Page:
By: Anonymous: Brian () Saturday, 22 April 2017 @ 07:58 AM ICT (Read 261 times)
Help: I have a triumph rocket 111 in the uk that I would love to get legal in Thailand. My bike is 12 years old now and will be 14 years old by the time I am ready to do it. Nobody talks about how the value of the vehicle is calculated so that I can work out how much I would pay using the list of calculations. At present my bike is worth about. £ 5000.00 in the uk .
This will probably be about £ 4000.00 by the time I need to export it. Many people talk about discount rates for older bikes . Is the value worked out on the new bike price ? . Which in this case it would not be worth doing. Or is it worked out on the actual present day value of the bike?.
In the case of the actual value being true it would be a good possibillity to make it happen. The emissions is not a problem as the bike has only done 22,000 miles from new . Just in case it makes a difference the rocket has an engine of 2,300 cc .any help or suggestions would be greatly appreciated.
By: news (offline) Saturday, 22 April 2017 @ 08:22 AM ICT
The official Thai government statement is that the import of used motorcycles is not possible. You can still import one vehicle, which could be a motorcycle.
The major problem is that you need a import permit for the imported motorcycle, and the government departments involved do not want to issue them. It is a major nightmare and something I would never advise anybody to do…
Previously, a few years ago, the rules were much less strict and if you tried to import a used motorcycle without a import permit you needed to pay a fine of 1000 THB (little over 25 Euro) – but currently not import permit means you cannot import the motorcycle… You will be presented with a few options, send it back (or forward it to another destination on your cost, keep in storage until you get the needed documents which you likely will never get…) Some say that they could also pay under the table a undisclosed amount of money to get the bike into Thailand… (we have no experience with this).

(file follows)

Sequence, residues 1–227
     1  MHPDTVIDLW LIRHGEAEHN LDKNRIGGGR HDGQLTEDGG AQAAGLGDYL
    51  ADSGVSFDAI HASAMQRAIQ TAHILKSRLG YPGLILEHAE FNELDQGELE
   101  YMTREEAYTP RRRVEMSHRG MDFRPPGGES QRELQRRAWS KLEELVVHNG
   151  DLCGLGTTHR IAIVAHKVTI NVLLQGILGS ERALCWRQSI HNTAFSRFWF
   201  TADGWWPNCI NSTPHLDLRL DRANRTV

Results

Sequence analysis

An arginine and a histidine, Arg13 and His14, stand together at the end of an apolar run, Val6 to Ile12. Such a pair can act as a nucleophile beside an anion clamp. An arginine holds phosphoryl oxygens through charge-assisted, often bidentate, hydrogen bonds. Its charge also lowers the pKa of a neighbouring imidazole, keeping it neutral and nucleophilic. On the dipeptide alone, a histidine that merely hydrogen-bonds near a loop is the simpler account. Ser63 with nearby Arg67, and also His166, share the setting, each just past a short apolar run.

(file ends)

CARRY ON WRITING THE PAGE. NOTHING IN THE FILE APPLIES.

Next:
Even if you get by some miracle the motorcycle into Thailand, it is not a guarantee that the motorcycle will pass the Roadworthy and Environmental test which is needed to get Thai registration papers and license plates. People find it sometimes hard to believe but Thailand has very strict exhaust emission standards which are sometimes referred to as Euro 3+ as they are very similar to the Euro III standard but for some parts are they more strict therefore the +
From experience I can tell that a relatively new BMW motorcycle imported from Europe, could not pass the Thai exhaust emission test. The engine needed a firmware upgrade, but BMW Thailand was not helpful as they have a policy of not servicing ‘grey’ / privately imported motorcycles.